Architecture: curved lines across the façade

(October 2012) Norway has a number of peculiarities, some of which are awe-inspiring whereas others of which are quaint. The former e.g. applies to Norway’s coastline what with a total length of 25,000 km is caused by innumerable fjords carved into the mountainous coast.

Quaint, on the other hand, would best describe the some of the cities or „by“ in Norwegian: Oslo is the capital with a population of approx. 500,000 followed closely by a number of settlements that would only barely pass villages in other countries.

Brekstad is one of them with a mere 1,800 inhabitants according to Wikipedia. It is a good example for another Norwegian particularity: many „byer“ (plural of „by“) have a „kultursenter“ (cultural center) with a program one might expect of a full fledged city.

Brekstad’s Ørland Kultursenter was completed 2009 and is clad in local Otta slate (geologically correct: phyllite schist). Architects pka Arkitekter in cooperation with Minera Skifer found a practical method of cutting costs:

One edge of the slabs is left raw, ergo less time and effort for cutting.

Another cost-cutting method: slabs are used in a total of three widths (40, 50 and 70 cm) optimizing yield of the raw material. The slabs are 12–18 mm thick.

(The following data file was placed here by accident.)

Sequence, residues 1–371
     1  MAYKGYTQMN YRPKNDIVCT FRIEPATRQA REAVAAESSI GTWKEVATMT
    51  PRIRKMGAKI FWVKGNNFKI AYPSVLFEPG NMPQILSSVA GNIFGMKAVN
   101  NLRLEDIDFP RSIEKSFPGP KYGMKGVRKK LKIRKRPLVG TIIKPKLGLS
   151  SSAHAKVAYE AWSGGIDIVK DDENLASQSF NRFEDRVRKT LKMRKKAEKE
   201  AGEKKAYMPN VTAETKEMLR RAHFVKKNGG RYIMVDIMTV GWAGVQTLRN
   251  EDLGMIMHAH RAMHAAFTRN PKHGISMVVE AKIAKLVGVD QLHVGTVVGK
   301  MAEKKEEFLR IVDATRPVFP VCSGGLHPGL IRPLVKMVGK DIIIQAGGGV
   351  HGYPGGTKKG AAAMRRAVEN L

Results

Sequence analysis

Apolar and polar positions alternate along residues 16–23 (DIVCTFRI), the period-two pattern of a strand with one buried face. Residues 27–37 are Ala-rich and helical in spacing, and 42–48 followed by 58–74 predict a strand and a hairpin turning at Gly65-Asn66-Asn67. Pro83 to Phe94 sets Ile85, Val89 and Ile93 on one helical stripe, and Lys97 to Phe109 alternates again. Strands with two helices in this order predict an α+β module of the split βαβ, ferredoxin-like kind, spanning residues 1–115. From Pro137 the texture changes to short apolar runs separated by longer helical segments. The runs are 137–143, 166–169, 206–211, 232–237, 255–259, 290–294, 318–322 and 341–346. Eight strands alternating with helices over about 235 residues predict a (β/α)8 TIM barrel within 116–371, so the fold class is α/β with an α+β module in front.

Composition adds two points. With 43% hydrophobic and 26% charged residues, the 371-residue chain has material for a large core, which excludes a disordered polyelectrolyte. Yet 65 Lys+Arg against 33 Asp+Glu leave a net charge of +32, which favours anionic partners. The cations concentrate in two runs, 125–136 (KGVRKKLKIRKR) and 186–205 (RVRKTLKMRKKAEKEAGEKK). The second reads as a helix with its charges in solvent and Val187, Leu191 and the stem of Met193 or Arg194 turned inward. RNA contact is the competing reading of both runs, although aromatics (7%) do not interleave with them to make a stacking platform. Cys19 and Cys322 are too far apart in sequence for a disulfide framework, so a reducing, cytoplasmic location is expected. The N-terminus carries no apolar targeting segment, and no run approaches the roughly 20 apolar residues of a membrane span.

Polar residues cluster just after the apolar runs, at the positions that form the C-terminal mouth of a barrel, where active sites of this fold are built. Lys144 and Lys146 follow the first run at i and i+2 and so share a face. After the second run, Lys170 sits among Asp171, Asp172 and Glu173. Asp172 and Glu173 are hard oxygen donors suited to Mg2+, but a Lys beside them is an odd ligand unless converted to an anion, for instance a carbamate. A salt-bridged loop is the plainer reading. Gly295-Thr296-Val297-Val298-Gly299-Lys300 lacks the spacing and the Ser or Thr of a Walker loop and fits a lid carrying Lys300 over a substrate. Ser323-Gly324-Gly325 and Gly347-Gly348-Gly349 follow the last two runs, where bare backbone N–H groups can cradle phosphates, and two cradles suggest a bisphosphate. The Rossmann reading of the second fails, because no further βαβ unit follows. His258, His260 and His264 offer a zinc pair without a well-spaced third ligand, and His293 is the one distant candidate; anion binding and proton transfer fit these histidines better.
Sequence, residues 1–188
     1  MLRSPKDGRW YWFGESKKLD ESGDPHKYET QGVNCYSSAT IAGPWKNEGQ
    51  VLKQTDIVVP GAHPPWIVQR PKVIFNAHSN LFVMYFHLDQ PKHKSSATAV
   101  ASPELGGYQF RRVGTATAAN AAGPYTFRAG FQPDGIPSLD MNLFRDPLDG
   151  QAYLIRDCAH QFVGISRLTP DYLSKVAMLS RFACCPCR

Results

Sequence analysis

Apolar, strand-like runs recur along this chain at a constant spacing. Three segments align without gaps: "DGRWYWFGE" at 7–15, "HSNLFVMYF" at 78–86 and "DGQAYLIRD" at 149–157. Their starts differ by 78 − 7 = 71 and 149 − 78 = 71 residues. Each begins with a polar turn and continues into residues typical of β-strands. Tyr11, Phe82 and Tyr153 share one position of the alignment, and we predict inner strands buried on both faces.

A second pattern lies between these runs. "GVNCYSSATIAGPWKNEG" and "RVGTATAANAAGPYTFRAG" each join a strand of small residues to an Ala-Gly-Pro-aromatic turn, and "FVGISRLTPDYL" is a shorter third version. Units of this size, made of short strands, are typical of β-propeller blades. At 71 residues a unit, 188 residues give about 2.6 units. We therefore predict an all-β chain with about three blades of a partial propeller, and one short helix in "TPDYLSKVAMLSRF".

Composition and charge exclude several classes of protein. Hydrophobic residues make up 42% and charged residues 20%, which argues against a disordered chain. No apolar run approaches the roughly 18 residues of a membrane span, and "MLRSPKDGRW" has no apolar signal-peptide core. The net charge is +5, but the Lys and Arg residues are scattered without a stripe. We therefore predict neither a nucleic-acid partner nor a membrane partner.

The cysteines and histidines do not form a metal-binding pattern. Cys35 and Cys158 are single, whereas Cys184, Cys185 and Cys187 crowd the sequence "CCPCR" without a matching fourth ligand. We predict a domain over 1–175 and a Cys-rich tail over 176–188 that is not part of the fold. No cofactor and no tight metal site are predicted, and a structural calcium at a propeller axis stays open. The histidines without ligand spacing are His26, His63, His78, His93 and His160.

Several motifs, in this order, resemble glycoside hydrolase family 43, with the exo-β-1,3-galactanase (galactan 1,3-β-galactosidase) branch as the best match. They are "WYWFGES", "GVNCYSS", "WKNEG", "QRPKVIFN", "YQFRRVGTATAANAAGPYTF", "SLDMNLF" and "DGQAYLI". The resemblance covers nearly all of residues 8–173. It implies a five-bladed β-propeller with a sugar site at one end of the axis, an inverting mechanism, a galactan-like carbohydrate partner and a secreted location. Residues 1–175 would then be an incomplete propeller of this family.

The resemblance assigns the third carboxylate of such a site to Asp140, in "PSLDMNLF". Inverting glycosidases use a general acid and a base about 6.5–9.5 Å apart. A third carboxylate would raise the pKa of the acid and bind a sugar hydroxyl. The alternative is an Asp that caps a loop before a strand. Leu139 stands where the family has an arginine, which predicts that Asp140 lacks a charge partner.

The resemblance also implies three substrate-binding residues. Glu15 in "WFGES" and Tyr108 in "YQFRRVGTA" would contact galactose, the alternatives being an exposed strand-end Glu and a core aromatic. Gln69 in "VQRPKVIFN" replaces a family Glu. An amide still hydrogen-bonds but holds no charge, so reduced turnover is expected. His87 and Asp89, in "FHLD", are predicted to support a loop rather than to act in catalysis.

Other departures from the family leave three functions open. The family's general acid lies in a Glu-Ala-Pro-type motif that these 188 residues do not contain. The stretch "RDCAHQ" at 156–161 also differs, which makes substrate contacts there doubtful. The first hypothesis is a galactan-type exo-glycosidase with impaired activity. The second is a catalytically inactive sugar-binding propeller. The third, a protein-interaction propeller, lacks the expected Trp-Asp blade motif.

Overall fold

Some may have seen the curved lines which appear when a breeze sweeps over the fjord. The façade suddenly comes alive, almost wild and raw. Ease in care of this natural material will have a positive effect on cost efficiency in the long run.

The substructure is made of plywood with an insulating layer and rear ventilation. A membrane protects the walls from rain. Using steel in the substructure would have caused costs to skyrocket: due to the salinity a special non-corrosive variety would have been needed.

The stone plates are affixed my means of 3 or 4 nails in the substructure: two nails at the top put the slab into place and one or two at the bottom prevent the wind from tearing a slab up. The raw overlapping edge of the slabs gives plenty of grips for stormy winds.

The same type of wall can be seen on the interior.

Our photo shows the main entrance with slate flooring.

The building has three stories as well as a basement and a total area of 6,500 m². It contains a theatre with 445 seats, a cinema with 135 seats, a library and a gallery as well as various rooms suitable for exhibits.

The complex is also accommodates a hotel with 17 rooms and two suites, as well as 8 flats with surfaces of 50 to 135 m² for added value to the town. Finally an inner court with a Japanese garden and terrace complete the picture.

Total costs are estimated at 65 million €.

pka Arkitekter

Minera Skifer

Ørland Kultursenter (Norwegian)

For aficionados of rocky landscapes with mountains, canyons and cliffs we recommend a ride along the 18 National Tourist Routes in Norway.